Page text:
Friday, December 9, 2011

Curriculum Resource: Teaching Evolution

So if you are a family that doesn't believe in and/or doesn't teach evolution, then you want to skip this post.

But for those who do...

I found a great series of lesson plans about teaching evolution on a website hosted by Indiana University.  These lessons were developed for teaching high school biology, but the authors say that, with some modification, they could be adapted to either an advanced middle school or introductory college level class.

There are over 50 lesson plans or mini lessons that are available on line, along with some titles that I suppose they are still developing.  It is broken into two big categories:
  • Evolution Patterns
  • Evolution Processes
Subcategories under Evolution Patterns are:
  • Geological/Paleontological Patterns:  General
  • Human Evolution Patterns
  • Classification, Hierarchy, Relationships
The subcategories under Evolution Processes are:
  • Adaptations, Imperfections, Contrivances
  • Variation and Natural Selection
  • Speciation
  • Macroevolution
So it is a nice, comprehensive approach to the topic, it seems to me.  I haven't looked at all the lessons, but most of the ones I did read had an experiment or hands-on component.  Not all of them are suitable for an at-home science lab, but many of them can be done in a homeschool setting.

So check them out here.

Sunday, December 4, 2011

Contest Helps Students Develop Reflective Writing Skills

Now that NaNoWriMo is over, it's time for us to refocus our writing classes on non-fiction writing.  There is a national contest on a wonderful topic that may be just the thing to help us!

The Center for the Book in the Library of Congress, in partnership with Target Stores, is running a reading-writing competition called Letters About Literature.  In it, students write a personal letter to an author of one of their favorite books to tell them why that book changed the way they think about themselves or the world.   The book can be fiction or nonfiction, even poetry, speeches, short stories, or graphic novels, but it can not be a comic strip or song lyric (even if published in a book).  Also, the author can be living or dead.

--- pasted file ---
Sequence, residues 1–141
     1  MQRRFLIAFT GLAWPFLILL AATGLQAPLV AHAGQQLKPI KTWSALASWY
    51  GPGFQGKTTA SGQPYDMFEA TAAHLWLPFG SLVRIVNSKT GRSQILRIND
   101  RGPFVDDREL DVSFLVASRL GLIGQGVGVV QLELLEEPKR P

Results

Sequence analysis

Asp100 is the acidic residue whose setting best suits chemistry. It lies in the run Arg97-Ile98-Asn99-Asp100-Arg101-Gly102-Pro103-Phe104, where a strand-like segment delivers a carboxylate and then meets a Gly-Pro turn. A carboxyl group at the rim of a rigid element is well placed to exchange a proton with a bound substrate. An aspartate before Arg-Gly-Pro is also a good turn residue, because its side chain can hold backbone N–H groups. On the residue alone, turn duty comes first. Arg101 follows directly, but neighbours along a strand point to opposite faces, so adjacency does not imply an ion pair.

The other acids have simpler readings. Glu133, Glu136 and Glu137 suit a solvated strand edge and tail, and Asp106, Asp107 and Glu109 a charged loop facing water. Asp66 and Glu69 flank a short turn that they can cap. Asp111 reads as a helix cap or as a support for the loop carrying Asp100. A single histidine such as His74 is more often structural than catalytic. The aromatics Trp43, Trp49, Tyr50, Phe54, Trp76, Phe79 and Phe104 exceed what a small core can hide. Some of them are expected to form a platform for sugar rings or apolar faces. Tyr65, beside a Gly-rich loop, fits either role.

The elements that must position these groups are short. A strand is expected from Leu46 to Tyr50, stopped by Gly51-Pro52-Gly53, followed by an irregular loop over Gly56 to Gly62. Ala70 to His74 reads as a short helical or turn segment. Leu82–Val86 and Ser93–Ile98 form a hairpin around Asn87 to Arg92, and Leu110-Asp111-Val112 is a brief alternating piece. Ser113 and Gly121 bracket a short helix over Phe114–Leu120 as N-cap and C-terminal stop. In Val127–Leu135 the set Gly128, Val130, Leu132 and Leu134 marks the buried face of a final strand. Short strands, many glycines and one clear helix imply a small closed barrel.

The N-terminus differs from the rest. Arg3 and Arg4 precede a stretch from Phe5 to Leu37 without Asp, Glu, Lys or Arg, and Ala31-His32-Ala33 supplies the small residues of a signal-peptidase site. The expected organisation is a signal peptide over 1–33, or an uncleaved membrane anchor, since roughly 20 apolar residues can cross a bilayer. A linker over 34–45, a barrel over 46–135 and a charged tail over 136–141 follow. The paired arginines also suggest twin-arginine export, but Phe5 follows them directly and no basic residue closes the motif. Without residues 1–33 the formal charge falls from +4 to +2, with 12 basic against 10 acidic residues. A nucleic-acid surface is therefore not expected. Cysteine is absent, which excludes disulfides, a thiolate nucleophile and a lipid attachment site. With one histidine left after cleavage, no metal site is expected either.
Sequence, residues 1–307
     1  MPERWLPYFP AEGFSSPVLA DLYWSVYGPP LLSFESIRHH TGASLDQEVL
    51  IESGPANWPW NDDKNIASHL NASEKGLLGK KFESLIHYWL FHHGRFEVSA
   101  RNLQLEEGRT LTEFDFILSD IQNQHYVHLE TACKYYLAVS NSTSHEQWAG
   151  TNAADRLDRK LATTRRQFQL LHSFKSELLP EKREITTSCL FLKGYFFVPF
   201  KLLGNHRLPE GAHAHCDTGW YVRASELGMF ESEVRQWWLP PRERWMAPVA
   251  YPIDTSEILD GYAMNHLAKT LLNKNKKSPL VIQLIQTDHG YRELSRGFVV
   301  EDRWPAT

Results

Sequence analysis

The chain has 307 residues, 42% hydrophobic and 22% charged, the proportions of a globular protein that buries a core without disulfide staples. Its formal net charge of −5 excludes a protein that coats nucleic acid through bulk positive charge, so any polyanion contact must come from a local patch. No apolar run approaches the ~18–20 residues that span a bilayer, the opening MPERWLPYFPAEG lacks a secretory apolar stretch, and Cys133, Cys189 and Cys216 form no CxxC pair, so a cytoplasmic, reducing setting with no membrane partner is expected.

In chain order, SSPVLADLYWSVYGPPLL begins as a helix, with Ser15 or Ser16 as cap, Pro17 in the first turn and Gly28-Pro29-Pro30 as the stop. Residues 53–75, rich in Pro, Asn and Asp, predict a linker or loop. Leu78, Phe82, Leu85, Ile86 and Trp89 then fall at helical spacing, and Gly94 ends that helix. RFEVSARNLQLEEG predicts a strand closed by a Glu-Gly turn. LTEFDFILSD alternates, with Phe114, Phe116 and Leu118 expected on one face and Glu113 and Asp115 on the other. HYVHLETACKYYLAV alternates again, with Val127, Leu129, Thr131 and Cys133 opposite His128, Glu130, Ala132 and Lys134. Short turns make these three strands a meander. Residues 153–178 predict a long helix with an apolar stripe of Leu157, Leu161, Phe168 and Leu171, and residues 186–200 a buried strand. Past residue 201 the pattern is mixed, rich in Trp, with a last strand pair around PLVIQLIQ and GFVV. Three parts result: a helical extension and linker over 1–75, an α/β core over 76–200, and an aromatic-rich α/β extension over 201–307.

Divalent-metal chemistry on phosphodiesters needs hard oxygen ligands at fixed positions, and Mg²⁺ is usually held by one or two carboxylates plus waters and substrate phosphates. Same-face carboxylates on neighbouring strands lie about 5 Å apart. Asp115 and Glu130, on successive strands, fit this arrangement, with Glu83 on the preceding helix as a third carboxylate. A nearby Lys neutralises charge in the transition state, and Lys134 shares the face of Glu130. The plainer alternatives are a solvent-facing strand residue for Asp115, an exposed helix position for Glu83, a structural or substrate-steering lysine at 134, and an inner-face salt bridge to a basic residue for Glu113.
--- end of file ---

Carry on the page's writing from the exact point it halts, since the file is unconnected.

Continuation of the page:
The competition is divided into three levels.  Level 1 is for 4th-6th grade (students must be at least nine in order to participate) and letters are expected to be 100-400 words long.  Level 2 is 7th-8th grade, with letters that are 300-600 words.  Level 3 is for high schoolers (9th-12th grade) with a recommended 500-800 page length.  Students can enter through their schools or as individuals, and homeschoolers are specifically encouraged to enter (apparently a number of winners have been homeschooled).

While the exercise is worthy just in itself, there are some great prizes for the winner.  Two national winners for each level will get to choose a favorite library (school or community library) to receive a $10,000 grant from Target.  Those winners will also each get a personal Target gift card for $500.  There will also be four national honors awards for each level; the national honor awards come with a $1,000 grant to a favorite library and a personal $50 Target gift card.